FIDE World Team Championship: Russia leads Open and Women

by Sagar Shah
6/24/2017 – Russia won their match in both open and the women's section with a score of 3.0-1.0. In the open section they beat Poland and Russian women got the better of India. Russian men are the sole leaders while the women lead with Ukraine. The sixth round witnessed a lot of decisive matches. Turkey, however, refused to lose and drew their match with India. We have grandmaster analysis along with a small explanation of how photographic draw works in chess.

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All photos by Anastasia Balakhontseva

Round six

The FIDE Open and Women’s World Team Chess Championships is taking place from June 16 to June 27, 2017 (June 21 is a free day) in the the Ugra Chess Academy of the oil-book town of Khanty-Mansiysk, in western Siberia. Ten open and ten women's teams are participating. Games start at 3 p.m. local time – 12 noon CEST, 6 a.m. New York (check your location).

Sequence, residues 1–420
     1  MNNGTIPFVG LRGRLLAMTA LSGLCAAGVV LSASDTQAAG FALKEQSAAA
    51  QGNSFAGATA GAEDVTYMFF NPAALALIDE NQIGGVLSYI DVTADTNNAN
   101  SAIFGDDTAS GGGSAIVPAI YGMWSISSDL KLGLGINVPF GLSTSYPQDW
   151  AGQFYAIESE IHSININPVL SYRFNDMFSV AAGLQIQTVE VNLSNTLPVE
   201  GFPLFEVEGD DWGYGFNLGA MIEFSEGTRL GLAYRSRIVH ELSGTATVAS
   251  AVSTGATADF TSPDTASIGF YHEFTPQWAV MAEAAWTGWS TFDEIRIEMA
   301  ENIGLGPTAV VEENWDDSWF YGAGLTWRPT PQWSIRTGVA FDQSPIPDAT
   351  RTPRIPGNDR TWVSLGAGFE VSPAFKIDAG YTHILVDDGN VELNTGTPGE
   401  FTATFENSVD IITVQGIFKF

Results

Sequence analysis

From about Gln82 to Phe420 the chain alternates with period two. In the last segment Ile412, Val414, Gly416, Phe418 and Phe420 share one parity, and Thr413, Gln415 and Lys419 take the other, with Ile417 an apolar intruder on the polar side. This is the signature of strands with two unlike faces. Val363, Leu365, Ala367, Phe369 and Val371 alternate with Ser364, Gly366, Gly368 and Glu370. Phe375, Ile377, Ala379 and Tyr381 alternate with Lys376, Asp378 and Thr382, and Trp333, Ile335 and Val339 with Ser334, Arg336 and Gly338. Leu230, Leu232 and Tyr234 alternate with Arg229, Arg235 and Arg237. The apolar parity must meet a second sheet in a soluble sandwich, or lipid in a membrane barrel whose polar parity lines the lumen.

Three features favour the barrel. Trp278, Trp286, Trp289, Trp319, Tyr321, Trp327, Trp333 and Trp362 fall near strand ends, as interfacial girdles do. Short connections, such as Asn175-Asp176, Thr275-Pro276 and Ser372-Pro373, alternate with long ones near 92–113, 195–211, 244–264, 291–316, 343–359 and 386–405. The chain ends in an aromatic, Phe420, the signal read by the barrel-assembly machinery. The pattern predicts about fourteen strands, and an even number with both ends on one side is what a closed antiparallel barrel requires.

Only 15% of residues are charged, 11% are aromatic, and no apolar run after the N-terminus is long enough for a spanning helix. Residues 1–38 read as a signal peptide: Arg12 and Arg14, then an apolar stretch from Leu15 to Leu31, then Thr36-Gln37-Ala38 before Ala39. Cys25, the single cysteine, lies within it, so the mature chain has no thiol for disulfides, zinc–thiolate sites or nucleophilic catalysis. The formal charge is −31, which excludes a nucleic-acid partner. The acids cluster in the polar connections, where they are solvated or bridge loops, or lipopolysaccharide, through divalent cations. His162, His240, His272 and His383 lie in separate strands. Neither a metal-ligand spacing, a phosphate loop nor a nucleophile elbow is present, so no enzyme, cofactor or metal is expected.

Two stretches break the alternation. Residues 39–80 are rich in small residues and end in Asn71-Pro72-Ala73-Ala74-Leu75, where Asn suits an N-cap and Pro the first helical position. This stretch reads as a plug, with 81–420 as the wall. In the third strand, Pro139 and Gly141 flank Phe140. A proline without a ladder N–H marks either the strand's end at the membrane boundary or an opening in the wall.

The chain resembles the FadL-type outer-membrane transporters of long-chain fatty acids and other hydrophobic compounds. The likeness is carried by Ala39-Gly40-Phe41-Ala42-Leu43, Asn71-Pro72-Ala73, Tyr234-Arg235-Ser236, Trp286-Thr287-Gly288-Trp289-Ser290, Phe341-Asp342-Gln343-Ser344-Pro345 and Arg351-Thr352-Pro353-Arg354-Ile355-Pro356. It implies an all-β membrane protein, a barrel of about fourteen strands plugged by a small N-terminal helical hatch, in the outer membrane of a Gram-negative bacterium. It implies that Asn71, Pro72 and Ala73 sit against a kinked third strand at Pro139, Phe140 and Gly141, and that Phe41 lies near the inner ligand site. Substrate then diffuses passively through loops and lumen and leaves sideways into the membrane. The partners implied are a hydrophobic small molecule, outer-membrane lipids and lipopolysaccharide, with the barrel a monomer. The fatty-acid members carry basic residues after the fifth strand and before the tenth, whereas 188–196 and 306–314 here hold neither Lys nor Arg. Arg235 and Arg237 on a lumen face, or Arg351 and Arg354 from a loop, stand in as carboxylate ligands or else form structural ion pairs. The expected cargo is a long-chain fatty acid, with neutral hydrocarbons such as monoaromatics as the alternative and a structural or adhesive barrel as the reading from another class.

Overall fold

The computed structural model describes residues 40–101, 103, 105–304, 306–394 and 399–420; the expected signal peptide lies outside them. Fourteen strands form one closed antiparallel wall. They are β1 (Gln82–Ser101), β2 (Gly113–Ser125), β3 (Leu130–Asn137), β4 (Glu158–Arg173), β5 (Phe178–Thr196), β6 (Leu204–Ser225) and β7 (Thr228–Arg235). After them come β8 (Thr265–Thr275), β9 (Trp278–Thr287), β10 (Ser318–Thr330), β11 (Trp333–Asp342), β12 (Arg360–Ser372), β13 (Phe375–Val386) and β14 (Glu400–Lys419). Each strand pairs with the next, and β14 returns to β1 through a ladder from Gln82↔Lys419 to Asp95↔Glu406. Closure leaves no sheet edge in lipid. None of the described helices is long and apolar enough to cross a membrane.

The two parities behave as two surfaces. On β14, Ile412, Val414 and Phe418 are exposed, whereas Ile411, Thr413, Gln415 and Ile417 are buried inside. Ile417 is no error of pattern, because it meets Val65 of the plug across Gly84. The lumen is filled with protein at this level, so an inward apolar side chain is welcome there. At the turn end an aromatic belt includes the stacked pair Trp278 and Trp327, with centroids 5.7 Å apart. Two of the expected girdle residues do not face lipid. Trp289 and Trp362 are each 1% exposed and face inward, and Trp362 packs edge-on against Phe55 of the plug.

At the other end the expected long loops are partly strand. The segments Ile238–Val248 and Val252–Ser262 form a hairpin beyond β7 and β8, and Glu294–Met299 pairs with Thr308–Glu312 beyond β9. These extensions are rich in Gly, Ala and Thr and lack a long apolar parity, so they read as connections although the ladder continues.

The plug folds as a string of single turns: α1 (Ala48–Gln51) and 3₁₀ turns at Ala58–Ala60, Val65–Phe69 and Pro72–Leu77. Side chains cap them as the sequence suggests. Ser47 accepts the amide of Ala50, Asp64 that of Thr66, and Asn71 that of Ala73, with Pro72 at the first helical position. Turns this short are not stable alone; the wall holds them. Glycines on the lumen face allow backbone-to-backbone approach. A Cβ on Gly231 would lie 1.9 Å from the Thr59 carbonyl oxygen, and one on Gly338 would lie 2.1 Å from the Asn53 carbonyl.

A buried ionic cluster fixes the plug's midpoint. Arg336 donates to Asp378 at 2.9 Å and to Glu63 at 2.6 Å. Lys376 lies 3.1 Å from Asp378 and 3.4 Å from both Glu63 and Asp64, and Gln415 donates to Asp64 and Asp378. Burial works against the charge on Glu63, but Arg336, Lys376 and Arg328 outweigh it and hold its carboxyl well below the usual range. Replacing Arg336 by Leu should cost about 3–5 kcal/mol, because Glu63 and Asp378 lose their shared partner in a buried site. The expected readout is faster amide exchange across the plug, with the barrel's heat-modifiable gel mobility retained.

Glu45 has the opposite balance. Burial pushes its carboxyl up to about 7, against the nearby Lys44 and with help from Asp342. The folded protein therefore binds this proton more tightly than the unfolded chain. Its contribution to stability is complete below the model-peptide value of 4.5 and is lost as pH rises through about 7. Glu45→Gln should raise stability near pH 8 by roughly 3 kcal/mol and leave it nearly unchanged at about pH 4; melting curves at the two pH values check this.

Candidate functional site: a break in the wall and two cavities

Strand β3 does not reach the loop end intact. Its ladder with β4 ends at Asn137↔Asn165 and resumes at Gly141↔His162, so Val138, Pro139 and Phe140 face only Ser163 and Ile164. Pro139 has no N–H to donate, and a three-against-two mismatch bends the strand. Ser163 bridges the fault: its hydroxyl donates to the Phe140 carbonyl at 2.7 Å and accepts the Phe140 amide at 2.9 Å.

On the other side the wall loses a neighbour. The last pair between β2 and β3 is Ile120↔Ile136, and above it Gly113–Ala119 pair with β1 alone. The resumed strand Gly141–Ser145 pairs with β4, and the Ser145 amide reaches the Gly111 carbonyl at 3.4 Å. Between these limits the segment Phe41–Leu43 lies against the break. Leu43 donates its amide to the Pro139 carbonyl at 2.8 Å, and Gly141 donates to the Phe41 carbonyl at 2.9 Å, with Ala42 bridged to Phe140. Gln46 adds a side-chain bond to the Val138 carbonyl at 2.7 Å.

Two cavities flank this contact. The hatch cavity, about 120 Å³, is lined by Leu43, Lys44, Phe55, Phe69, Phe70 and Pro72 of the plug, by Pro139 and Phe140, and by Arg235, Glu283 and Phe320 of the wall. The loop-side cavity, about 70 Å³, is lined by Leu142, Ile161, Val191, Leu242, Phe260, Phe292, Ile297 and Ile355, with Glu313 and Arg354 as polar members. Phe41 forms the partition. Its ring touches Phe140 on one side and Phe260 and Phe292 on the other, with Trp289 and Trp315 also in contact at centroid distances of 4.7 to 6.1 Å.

Open section

Open section - Round 6 on 2017/06/23 at 15:00
No.
SNo.
Team
Res.
Team
SNo.
1
10
Belarus
3.5-0.5
Norway
8
2
9
Poland
1-3
Russia
7
3
1
China
2.5-1.5
Ukraine
6
4
2
India
2-2
Turkey
5
5
3
USA
3-1
Egypt
4

For board wise break down, click here

The Polish team before the start of their match with Russia

Vladimir Fedoseev came to the game with peaceful intentions it seemed, but after a point his opponent...

...Grzegorz Gajewski went wrong and the game ended in just 32 moves

Vladimir Fedoseev (RUS) vs Grzegorz Gajewski (POL) (annotated by GM Aleks Lenderman)